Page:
• USTR places Saudi Arabia and the United Arab Emirates (UAE) on the Watch List. For Saudi Arabia, there are concerns regarding recent deteriorations in IP protection for pharmaceutical products, in addition to outstanding concerns regarding IP enforcement and the continued use of unlicensed software by the government. For the UAE, the placement on the Watch List is in response to longstanding concerns about the sale and transshipment of counterfeit goods and the establishment of collecting management organizations, as well as recent policy changes that may not provide adequate and effective IP protection for pharmaceutical products.
  • USTR closes the Out-of-Cycle Reviews (OCRs) for Kuwait without a change in status and Tajikistan with a downgrade to the Watch List. Kuwait has not yet brought its copyright regime in line with its international commitments and still needs to make necessary improvements to the regulations implementing its 2016 Copyright and Related Rights Law. Tajikistan failed to address unlicensed software use by government agencies during the OCR. USTR announced that it will initiate OCRs for Colombia, Kuwait, and Malaysia to promote engagement and progress on specific IP opportunities and challenges.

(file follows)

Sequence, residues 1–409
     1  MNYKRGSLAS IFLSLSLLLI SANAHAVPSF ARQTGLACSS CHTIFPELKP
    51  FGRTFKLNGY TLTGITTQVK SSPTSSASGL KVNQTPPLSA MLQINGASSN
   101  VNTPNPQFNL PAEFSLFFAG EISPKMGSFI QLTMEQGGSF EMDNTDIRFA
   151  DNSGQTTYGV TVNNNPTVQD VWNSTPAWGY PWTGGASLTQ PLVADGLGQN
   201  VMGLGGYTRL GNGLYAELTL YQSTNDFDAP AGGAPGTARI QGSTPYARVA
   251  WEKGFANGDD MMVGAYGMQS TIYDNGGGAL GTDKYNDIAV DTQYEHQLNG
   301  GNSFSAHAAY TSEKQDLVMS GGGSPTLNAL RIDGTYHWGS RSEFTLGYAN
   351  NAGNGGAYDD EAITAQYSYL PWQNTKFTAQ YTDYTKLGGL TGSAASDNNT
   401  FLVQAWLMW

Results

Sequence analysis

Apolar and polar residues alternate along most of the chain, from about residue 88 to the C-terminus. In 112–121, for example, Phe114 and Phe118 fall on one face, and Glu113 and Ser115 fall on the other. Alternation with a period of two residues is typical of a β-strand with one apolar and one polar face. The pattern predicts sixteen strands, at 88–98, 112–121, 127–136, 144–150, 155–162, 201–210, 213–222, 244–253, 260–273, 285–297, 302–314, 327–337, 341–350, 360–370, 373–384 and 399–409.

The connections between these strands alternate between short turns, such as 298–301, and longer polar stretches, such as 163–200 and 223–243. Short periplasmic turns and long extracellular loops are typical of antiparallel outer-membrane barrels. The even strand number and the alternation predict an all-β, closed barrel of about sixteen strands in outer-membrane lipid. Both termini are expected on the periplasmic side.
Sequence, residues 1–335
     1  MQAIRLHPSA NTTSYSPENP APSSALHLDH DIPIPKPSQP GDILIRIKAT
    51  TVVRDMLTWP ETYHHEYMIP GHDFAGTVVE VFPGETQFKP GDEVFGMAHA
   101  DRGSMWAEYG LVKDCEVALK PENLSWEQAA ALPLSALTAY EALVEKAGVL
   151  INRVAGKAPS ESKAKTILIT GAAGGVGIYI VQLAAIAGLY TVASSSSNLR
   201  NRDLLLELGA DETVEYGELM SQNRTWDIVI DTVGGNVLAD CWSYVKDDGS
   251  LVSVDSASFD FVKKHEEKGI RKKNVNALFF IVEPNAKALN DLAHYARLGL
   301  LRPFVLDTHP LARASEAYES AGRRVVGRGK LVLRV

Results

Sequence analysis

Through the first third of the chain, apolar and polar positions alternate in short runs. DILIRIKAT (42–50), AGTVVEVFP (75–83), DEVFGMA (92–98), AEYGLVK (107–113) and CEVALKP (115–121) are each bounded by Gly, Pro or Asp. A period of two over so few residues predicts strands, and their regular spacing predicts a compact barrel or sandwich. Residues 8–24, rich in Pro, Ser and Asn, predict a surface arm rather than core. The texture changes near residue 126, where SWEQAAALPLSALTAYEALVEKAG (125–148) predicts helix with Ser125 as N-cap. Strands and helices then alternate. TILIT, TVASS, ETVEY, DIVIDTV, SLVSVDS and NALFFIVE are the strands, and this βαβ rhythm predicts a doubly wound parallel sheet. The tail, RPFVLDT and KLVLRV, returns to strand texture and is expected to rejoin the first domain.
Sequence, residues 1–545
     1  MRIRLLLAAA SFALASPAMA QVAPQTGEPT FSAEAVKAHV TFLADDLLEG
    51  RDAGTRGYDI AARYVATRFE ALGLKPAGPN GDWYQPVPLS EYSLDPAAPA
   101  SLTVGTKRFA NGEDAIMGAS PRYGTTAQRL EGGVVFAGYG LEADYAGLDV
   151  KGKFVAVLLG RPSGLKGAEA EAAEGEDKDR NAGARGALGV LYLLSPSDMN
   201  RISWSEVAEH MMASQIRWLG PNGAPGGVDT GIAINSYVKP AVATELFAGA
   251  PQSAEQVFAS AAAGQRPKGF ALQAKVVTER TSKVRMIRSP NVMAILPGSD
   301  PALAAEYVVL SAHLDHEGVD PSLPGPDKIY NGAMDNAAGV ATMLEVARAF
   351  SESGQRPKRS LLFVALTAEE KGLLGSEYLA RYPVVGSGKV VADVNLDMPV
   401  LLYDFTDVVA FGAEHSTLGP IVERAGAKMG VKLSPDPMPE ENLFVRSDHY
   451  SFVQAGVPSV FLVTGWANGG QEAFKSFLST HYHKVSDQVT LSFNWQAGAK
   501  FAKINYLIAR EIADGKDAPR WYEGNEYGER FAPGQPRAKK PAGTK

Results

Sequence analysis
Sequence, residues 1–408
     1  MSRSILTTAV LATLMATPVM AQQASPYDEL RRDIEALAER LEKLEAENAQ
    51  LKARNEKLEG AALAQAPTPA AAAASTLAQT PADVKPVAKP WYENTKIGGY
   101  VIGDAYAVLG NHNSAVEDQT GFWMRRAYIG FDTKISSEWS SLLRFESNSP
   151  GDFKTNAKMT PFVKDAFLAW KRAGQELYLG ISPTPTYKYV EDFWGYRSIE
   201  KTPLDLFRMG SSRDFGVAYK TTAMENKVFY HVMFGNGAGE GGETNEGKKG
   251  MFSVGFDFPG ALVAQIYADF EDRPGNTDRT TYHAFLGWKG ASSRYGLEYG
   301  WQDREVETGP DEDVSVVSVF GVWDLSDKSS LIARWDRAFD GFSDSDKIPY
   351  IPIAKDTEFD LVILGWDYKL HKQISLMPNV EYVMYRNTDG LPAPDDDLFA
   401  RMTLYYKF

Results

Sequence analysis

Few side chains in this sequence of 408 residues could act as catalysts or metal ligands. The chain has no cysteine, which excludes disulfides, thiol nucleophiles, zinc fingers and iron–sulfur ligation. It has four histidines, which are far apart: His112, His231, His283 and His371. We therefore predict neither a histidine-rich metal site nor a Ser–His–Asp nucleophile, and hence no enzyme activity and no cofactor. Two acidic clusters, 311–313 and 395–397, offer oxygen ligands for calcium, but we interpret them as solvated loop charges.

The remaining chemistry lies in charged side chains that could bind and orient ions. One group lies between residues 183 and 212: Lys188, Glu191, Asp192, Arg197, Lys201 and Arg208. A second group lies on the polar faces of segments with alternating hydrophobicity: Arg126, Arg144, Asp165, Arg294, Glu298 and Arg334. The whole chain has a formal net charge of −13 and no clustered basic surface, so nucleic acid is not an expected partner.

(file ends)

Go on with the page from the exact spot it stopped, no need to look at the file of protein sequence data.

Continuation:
• USTR highlights engagement with trading partners to address concerns related to IP protection and enforcement and market access barriers with respect to pharmaceuticals and medical devices so that trading partners contribute their fair share to research and development of new treatments and cures. For a fact sheet on USTR engagement on pharmaceutical and medical device issues, click here.

To read the 2018 Special 301 Report, click here.

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About Bob Aroture 534 Articles
Bob is a Senior Editor and Content Development Manager at Nigerian Law Intellectual Property Watch. He holds a BS degree, with a major in biochemistry. He works directly with the Newsroom Team. His focus areas are technology and innovation, and pharmaceutical technology. Email: baroture@nlipw.com